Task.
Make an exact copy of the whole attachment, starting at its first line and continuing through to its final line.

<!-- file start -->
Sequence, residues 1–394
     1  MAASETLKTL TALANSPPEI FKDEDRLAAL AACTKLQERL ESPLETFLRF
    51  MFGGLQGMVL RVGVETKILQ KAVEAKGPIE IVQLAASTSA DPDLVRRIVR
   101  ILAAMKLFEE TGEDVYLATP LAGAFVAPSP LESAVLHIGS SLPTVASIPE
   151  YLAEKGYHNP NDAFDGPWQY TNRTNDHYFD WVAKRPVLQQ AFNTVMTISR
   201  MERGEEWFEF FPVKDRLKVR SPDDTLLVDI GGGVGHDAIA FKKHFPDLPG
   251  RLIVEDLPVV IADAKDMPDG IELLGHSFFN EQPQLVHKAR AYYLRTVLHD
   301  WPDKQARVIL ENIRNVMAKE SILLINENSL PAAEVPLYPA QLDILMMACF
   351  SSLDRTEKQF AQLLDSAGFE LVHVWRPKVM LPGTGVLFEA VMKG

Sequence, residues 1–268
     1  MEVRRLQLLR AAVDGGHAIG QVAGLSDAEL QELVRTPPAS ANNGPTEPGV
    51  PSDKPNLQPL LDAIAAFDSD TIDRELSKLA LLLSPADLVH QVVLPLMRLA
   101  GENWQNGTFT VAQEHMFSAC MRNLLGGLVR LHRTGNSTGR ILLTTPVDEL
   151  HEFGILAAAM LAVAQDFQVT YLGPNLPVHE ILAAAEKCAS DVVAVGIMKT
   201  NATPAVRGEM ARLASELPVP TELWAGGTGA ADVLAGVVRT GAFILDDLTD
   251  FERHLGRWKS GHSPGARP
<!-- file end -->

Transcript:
Sequence, residues 1–394
     1  MAASETLKTL TALANSPPEI FKDEDRLAAL AACTKLQERL ESPLETFLRF
    51  MFGGLQGMVL RVGVETKILQ KAVEAKGPIE IVQLAASTSA DPDLVRRIVR
   101  ILAAMKLFEE TGEDVYLATP LAGAFVAPSP LESAVLHIGS SLPTVASIPE
   151  YLAEKGYHNP NDAFDGPWQY TNRTNDHYFD WVAKRPVLQQ AFNTVMTISR
   201  MERGEEWFEF FPVKDRLKVR SPDDTLLVDI GGGVGHDAIA FKKHFPDLPG
   251  RLIVEDLPVV IADAKDMPDG IELLGHSFFN EQPQLVHKAR AYYLRTVLHD
   301  WPDKQARVIL ENIRNVMAKE SILLINENSL PAAEVPLYPA QLDILMMACF
   351  SSLDRTEKQF AQLLDSAGFE LVHVWRPKVM LPGTGVLFEA VMKG

Sequence, residues 1–268
     1  MEVRRLQLLR AAVDGGHAIG QVAGLSDAEL QELVRTPPAS ANNGPTEPGV
    51  PSDKPNLQPL LDAIAAFDSD TIDRELSKLA LLLSPADLVH QVVLPLMRLA
   101  GENWQNGTFT VAQEHMFSAC MRNLLGGLVR LHRTGNSTGR ILLTTPVDEL
   151  HEFGILAAAM LAVAQDFQVT YLGPNLPVHE ILAAAEKCAS DVVAVGIMKT
   201  NATPAVRGEM ARLASELPVP TELWAGGTGA ADVLAGVVRT GAFILDDLTD
   251  FERHLGRWKS GHSPGARP